Now, you probably know that I’ve played F1 2020 already, having played a preview build recently, and what I played was excellent. That was limited to only a handful of tracks, however, and now Codemasters has given us access to every track, updated cars, and even classic cars. And honestly, it’s already feeling better than ever.
Right from the start, fans of the recent Formula One games will feel at home in this latest game. The presentation is largely the same and the handling feels similar, but a few things have been tweaked. The ERS (Energy Recovery System) no longer requires extreme micromanagement during the race, instead only needing a press of the left bumper (or whatever button you assign, especially if you’re using a wheel) to activate the “overtake” function. This gives drivers a bit of an extra boost, as long as there is charge available.
The handling model feels even more realistic than before, too. There’s a greater sense of connection between the player and their car, so you can really feel when your tyres are wearing out and losing their grip through corners. If your car is damaged, the resulting effects on handling feels much more pronounced than in last year’s game. Having played a lot of F1 2019, especially in the last two months, I really have noticed these (sometimes subtle) changes.
What is perhaps the best tweak, though, is in the racing itself. Specifically, how much more lifelike the racing is now. The AI will fight for position more than ever before, weaving to break the tow as cars behind get into the slipstream, trying its hardest to out-brake rivals into corners, and generally making it much harder to take and keep positions, throughout each race. That doesn’t mean it’s become an arcade game and you’ll be swapping places every minute, in fact, overtakes are about as common as they are in the real thing.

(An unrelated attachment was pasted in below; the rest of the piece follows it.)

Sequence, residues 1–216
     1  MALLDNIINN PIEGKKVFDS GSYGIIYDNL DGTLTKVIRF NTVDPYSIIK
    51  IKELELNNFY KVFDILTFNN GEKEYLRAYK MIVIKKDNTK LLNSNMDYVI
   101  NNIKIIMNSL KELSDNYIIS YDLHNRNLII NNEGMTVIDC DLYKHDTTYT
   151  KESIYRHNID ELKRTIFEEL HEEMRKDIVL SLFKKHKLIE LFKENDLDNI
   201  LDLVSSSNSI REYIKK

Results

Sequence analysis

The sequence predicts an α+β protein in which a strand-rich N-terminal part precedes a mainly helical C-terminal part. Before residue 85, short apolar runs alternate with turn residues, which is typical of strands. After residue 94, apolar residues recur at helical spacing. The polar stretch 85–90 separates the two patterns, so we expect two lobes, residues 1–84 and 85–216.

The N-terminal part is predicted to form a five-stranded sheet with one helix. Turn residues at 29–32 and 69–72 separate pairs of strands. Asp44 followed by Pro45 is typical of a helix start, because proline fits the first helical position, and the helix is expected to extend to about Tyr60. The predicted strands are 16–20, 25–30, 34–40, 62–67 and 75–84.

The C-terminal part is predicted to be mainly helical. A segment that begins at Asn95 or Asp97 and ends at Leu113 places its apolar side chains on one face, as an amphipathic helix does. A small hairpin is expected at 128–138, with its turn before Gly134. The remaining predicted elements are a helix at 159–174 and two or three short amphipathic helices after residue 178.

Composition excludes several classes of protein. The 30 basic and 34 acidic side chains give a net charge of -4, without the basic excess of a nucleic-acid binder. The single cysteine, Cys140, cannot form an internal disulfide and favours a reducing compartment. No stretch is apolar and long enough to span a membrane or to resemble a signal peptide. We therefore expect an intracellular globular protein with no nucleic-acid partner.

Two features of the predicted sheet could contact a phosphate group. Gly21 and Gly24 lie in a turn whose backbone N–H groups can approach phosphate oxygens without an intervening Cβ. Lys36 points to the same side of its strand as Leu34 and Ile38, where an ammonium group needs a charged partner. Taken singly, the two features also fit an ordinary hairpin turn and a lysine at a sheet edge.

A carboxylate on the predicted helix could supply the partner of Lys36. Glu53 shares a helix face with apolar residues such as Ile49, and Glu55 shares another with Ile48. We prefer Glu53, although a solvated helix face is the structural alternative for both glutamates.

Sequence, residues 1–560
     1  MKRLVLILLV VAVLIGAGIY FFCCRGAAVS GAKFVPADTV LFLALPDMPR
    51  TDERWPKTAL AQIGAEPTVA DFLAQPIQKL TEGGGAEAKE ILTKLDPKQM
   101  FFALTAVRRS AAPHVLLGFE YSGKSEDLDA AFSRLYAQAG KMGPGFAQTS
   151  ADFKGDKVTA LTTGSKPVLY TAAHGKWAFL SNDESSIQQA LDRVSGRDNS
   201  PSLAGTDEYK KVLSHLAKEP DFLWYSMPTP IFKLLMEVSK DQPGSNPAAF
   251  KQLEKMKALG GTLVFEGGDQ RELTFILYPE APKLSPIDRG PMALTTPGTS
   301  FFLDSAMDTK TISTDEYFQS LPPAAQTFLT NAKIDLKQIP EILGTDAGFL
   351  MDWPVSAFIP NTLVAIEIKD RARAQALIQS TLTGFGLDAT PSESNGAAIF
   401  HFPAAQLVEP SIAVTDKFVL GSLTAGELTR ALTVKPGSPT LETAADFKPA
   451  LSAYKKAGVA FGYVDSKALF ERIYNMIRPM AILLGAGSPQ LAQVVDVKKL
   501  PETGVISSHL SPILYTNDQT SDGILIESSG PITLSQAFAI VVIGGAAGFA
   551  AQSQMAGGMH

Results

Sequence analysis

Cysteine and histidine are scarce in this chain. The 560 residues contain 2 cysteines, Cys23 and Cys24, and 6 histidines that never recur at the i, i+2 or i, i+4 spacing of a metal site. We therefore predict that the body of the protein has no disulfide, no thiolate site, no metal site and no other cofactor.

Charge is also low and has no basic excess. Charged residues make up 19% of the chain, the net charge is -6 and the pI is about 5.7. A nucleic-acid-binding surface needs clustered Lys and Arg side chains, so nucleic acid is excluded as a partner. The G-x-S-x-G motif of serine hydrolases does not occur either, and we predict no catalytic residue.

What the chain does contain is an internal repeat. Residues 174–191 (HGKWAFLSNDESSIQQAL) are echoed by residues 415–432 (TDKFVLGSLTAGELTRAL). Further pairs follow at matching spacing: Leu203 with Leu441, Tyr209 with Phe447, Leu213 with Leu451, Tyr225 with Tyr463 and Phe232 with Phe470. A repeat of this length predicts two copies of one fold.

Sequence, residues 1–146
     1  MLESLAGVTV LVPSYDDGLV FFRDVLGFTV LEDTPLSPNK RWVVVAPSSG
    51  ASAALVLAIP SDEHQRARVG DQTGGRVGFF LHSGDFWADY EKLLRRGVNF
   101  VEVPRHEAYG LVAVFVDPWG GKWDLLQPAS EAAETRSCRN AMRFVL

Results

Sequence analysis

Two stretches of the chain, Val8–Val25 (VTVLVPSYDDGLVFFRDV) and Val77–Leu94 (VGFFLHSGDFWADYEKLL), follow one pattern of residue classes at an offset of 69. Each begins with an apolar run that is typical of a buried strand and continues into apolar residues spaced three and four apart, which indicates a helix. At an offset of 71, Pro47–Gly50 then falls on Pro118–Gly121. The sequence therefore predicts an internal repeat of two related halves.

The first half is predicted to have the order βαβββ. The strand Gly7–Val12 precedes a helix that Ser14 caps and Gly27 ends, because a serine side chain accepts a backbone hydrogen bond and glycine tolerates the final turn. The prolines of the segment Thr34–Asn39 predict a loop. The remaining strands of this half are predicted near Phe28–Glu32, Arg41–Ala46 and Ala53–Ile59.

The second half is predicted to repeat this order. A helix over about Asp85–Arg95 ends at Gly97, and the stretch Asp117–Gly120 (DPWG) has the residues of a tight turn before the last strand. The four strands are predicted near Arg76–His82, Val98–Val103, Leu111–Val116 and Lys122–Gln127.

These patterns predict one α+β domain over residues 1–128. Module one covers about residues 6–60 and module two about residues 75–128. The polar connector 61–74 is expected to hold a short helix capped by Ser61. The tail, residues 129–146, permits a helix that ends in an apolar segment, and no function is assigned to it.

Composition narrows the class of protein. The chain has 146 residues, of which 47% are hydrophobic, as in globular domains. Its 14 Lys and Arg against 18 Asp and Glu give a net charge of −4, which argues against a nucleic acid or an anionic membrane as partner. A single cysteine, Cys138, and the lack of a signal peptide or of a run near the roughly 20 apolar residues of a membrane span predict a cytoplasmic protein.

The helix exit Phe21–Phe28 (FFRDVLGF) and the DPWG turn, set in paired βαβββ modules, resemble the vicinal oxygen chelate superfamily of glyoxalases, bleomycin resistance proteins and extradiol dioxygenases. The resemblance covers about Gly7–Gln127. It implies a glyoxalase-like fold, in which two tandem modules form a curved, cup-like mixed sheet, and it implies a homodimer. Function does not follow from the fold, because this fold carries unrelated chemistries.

The top three teams, Mercedes, Ferrari, and Red Bull are usually at the front, their extra power and engine quality allowing them a slight edge over the other teams. There’s less disparity between the rest of the field, this year, meaning that there are more battles throughout the grid. During races of 25% length or greater, packs begin to form as the race develops and they’ll each have their own little battles as they chase the top ten places. For those unfamiliar with the rules of F1, only those finishing in the top 10 receive points. And points mean prizes, as the old saying goes.
With the updated season just weeks away now, I couldn’t help but jump right into Alexander Albon’s Red Bull and head to this year’s opening venue: Austria’s Red Bull Ring. Starting just behind teammate Max Verstappen, I found myself unable to pass as he drives just like his real-life counterpart. He takes unorthodox lines through corners, goes for gaps that just don’t seem possible and generally injects a little chaos into any F1 grid. Whether that’s intentional or a happy accident, I don’t know, but it’s appreciated nonetheless.
After that, I took Lewis Hamilton’s Mercedes for a spin around the new Hanoi venue. This tricky street circuit makes for some tense racing, but its long straights allow plenty of overtaking. I managed a rather clumsy, but no less spectacular, double overtake that showed off the slightly aggressive AI as we banged wheels throughout. As this is still a preview build however, it’s likely the AI will be refined and improved for next month’s final release.